Not only was it an inspiring read, it provided a cultural and historical snapshot of life in a France I’ve never known. It was fun to compare her experiences to mine, and research more about life in the country at the time. I also found her writing to be warm and cheery, as if she were hanging out chatting with you. Her voice came alive in my head. I read this one very slowly to savor it.
Tales of a Female by Rita Golden Gelman Nomad
It’s been YEARS since I’ve read this one but I remember the feeling I had when I finished it: astonishment and inspiration. This was one of the first travel memoirs I ever read and it made me fall in love with the genre.
Kabul Beauty School: An American Woman Goes Behind the Veil by Deborah Rodriguez
An intriguing read, every step of the way. I’ve never known anything about Afghanistan, so I liked this introduction to the culture: sort of a soft way to enter – through the eyes of an American hair stylist – though a lot of the tales in this book were anything but soft. It kept me up until 2 am one night reading because I just couldn’t stop; The people and culture were page-turning.
Many of the negative reviews comment on the writing, saying it’s very blog-like or informal. But, like, duh? An easy-to-relate to writing style is part of what makes a piece of travel writing successful, as long as it’s backed up with heart and substance as this book is. Her writing is easy to read and doesn’t speak down to anyone, letting the author tell it like it was, as if she is sitting across the table from you talking over tea.
Around the World in 72 Days by Nellie Bly
This book was originally published in 1890, so the pacing is slower and the overall style stiffer than what we would see today. Style aside, it’s a fascinating peek into the time period and a woman’s mind of the era. And not just any woman but a young, strapping, independent woman ahead of her time. It was fun to see the world through her eyes — though many of her observations would be considered ‘racist’ today. Definitely worth reading, and I wish someone would turn it into a movie – there’s a whole subplot that Nellie doesn’t even know about until after she returns to NYC: another female reporter, from another newspaper, competing with her to win the record.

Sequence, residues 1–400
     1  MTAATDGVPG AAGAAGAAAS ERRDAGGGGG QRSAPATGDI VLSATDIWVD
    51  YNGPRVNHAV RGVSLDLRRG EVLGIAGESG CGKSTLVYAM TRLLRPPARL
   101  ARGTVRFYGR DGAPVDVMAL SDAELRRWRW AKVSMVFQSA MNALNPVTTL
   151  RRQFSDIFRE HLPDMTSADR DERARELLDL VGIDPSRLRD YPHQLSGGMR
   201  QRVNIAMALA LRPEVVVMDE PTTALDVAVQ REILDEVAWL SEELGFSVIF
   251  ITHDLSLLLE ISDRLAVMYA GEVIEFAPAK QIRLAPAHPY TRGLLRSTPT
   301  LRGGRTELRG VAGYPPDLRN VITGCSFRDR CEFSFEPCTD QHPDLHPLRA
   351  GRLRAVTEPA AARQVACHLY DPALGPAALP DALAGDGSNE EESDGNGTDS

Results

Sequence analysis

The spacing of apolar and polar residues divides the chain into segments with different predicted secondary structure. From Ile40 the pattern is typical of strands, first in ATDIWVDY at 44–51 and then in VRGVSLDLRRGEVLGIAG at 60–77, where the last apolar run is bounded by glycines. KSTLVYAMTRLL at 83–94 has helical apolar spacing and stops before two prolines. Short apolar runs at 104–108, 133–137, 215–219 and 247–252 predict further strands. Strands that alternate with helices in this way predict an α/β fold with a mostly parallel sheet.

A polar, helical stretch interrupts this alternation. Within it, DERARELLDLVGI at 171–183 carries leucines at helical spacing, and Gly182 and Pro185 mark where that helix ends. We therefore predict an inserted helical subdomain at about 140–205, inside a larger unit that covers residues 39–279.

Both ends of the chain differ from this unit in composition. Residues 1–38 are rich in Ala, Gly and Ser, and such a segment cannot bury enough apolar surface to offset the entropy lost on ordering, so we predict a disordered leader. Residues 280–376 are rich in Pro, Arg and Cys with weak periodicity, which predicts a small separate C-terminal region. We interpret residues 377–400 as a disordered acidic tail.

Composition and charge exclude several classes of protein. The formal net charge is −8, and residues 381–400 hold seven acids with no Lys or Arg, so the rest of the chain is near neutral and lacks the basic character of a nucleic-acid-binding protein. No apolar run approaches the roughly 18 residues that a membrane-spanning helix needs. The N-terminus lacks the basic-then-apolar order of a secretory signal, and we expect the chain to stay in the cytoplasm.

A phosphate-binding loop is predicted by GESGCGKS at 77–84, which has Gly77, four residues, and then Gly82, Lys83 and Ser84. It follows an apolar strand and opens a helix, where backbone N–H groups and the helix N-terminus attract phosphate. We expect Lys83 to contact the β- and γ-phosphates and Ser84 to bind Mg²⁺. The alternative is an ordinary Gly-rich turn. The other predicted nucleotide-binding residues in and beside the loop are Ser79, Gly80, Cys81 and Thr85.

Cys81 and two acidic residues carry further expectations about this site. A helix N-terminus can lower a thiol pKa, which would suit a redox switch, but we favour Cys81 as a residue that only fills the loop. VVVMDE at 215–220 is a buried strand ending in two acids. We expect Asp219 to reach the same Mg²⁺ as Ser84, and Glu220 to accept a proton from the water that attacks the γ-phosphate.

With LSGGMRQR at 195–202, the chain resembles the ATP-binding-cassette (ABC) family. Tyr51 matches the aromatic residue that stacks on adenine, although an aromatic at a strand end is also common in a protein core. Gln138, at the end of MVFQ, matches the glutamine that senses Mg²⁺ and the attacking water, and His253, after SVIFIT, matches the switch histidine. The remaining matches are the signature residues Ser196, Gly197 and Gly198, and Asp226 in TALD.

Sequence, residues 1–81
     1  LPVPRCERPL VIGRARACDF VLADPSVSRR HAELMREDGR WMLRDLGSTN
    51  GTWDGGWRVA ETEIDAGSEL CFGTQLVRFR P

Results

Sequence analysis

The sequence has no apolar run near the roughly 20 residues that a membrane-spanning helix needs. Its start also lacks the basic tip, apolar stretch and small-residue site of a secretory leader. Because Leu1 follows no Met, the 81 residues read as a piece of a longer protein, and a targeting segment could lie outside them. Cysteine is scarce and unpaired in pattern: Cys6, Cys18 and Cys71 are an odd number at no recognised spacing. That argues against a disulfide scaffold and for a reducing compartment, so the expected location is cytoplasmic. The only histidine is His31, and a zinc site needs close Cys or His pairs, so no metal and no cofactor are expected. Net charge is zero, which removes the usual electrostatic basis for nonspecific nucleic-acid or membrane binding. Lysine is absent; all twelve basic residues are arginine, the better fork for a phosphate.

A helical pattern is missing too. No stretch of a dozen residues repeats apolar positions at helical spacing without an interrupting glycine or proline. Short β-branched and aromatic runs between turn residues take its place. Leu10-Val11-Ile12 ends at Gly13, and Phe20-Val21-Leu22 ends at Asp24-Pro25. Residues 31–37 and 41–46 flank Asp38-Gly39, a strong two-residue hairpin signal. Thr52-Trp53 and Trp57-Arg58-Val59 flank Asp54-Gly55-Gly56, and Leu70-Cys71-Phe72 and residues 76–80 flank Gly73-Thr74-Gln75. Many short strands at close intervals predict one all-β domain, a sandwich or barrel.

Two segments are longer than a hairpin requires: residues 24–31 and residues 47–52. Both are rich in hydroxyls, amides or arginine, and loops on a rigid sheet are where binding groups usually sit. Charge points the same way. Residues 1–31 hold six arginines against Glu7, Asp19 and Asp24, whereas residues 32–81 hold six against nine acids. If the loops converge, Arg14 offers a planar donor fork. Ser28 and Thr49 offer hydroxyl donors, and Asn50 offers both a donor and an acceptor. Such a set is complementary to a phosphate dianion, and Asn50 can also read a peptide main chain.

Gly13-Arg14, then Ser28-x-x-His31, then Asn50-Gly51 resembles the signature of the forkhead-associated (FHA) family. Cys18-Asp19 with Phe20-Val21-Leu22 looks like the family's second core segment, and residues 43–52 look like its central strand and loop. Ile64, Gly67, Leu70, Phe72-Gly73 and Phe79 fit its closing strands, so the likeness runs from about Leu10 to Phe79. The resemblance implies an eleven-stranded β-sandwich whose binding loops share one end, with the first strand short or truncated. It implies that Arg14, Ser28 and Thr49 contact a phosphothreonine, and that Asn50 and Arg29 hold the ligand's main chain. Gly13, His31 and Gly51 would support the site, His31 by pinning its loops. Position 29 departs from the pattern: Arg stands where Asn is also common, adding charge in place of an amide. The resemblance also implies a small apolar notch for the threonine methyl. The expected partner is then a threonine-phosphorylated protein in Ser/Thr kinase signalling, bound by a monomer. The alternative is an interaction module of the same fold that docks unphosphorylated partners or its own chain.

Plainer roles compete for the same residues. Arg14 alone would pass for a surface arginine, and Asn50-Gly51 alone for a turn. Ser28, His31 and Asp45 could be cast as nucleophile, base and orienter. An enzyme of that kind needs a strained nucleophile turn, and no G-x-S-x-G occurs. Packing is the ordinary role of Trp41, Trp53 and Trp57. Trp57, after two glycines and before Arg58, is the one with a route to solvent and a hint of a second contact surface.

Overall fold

Holy Cow: An Indian Adventure by Sarah Macdonald
I enjoyed this look at India through an Australian’s eyes. In some ways it gave insight into two cultures, for even though Australia is very similar to the US, there were still subtle differences. Mostly, her account was just pure fun to read, and I enjoyed how she explored all the different religions practiced in India. A lot of the reviewers said they found her to be superior or condescending but I never really felt that way. She seemed way more accepting of the squalor and differences in cultures than I think I would have been in her situation; she was way more go with the flow and seemed to relish in learning more about the Indian ways of life. Overall, I found it fascinating and would definitely like to read more about this country.
The Mother Tongue by Bill Bryson
Not technically a travel memoir but an utterly captivating tour through history and geography exploring the origins of the English language. Bill Bryson is a celebrated travel writer so he brings that same feeling to this account of our mother tongue.
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Do you like to read travel memoirs? Who are your favorite travel writers? Favorite travel memoirs? Have you read any travel memoirs written by non-Americans about the US? I’m always on the hunt for books about our country by foreigners, to better understand how we are perceived around the world. Leave me suggestions in the comments!